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Durango man shares his love for restoring classic airplanes

Rob Flanner spends months restoring planes in hangar at airport
Rob Flannery works on his 1947 Luscombe 8A airplane May 22 in his hangar at the Durango-La Plata County Airport. Flannery has been active in the aviation community, helping youths learn how to fly and taking them on their first flights. (Jerry McBride/Durango Herald)
Jun 12, 2024
Pilot shares story behind 2017 emergency landing near Kennebec Cafe in Hesperus

Self-proclaimed “gear head” Rob Flannery has a small obsession with airplanes.

But it’s not just any plane. He specializes in flying and restoring Luscombe aircrafts. The two-seated, single-engine planes were popular during the 1930s and 1940s, most notably used for civilian aircraft training.

The 76-year-old has spent most of his life tinkering with engines, riding motorcycles and racing Formula-1 cars. But nothing gave him quite the same thrill as soaring through the skies, thousands of feet above the ground.

“I was a motorcycle nut and was a wrench (motorcycle mechanic) and a racer,” Flannery said. “I really knew my way with motorcycles and rebuilding engines. But to move to an airplane, it's a whole different animal.”

Rob Flannery rebuilds Luscombe airplanes in his hangar at the Durango-La Plata County Airport. He says he enjoys the history and simplicity of the aircraft. (Jerry McBride/Durango Herald)

There’s no transmission in an airplane, and understanding how the engine operates the propeller was a different game too, he said.

Flannery often searches for people selling old, beat-up Luscombe planes. Usually, those with an interest in the brand can find sellers at aviation shows. He then spends about a year restoring each aircraft and painting them in his airplane hangar located at the Durango-La Plata County Airport.

Inside his hangar, which is comparable in size to a two-door garage that is two-stories tall, old Luscombe wings hang from the ceiling. In the center of the room sits the fuselage for his 8A Luscombe fixed-wing plane, which he emergency landed in 2017 near Kennebec Café west of Durango.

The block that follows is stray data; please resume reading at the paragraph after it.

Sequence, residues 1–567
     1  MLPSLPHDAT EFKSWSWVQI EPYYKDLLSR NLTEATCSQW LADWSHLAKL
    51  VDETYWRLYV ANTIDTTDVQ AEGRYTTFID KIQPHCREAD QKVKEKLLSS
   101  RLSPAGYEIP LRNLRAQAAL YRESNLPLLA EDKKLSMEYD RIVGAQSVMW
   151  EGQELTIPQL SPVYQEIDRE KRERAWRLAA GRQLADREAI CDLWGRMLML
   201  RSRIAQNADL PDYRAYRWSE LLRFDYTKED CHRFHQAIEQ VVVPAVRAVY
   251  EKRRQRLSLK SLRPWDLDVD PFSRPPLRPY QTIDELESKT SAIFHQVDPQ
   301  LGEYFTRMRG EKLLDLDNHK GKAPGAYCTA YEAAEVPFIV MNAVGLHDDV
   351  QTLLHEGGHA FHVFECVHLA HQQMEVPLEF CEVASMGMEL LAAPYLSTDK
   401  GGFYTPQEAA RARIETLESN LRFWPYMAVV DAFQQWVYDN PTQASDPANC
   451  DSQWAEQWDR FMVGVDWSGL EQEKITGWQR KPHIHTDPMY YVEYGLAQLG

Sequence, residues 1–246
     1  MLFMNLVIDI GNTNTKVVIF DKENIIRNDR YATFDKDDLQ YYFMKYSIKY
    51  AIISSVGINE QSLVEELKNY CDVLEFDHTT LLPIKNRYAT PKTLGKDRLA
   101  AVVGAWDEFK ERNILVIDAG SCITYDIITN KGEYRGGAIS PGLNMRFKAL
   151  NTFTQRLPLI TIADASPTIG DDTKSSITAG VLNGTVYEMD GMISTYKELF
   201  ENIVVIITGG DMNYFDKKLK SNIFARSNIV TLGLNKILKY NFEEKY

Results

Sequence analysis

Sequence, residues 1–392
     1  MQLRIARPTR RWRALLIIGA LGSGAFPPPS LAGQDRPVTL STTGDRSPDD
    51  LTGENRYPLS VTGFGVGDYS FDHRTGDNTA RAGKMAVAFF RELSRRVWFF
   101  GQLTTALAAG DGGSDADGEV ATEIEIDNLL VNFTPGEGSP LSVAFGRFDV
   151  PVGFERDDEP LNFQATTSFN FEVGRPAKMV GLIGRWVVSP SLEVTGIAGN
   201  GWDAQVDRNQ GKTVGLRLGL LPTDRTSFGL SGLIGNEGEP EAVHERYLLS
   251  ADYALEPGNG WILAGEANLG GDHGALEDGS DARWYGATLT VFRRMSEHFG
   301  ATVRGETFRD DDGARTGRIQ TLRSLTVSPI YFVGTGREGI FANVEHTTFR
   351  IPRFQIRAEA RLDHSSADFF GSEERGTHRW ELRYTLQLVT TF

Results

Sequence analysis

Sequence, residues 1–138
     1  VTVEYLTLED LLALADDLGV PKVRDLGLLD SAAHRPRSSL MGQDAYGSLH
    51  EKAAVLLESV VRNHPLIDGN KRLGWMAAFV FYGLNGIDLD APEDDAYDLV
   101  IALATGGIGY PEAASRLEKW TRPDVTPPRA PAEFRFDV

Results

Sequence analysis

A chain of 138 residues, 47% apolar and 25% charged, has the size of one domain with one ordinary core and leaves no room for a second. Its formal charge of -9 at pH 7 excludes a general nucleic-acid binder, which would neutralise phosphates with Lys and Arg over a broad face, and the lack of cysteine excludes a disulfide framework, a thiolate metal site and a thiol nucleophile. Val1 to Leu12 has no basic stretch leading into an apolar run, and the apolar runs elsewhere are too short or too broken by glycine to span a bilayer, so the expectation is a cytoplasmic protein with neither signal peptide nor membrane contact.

The 85-horse power motor that Rob Flannery took out of his Luscombe airplane. Luscombe airplanes are single-engine, two-seated planes. (Jerry McBride/Durango Herald)
Rob Flannery has sanded off all the paint of his 1947 Luscombe 8A that he is restoring at the Durango-La Plata County Airport. Flannery sands the planes before taking them into his paint booth in a separate room inside his hangar. (Jerry McBride/Durango Herald)

Along a mantel in the hangar, plaques from aviation shows display the different type of awards his planes have won.

He normally purchases the old, rundown aircrafts for about $12,000. By comparison, the planes can fetch up to $165,000 in mint condition.

But restoration is not cheap.

Flannery spends tens of thousands of dollars restoring the planes. For him, it is a labor of love, not a get-rich-quick scheme.

One of the most expensive aspects of restoration is painting the aircraft, which can cost up to $40,000. But by doing it himself and using automotive paint, he can complete the job for about $2,000.

At one end of the hangar is a room dedicated to painting. Inside, white walls surround a rack where Flannery places each panel for painting. The racks, which look like gurneys, are on wheels so Flannery can roll pieces in and out of the room. He then painstakingly paints each panel by hand.

The paint room in Rob Flannery’s hangar at the Durango-La Plata County Airport. He uses automotive paint on his aircrafts. (Jerry McBride/Durango Herald)

To most, it may seem like an expensive hobby. But he compares it to the cost of owning a motorcycle.

And being a private pilot has its benefits, he says.

Often, private pilots must pay landing fees, he said. But the fees are usually waived for small planes. He must still pay for services, like refueling.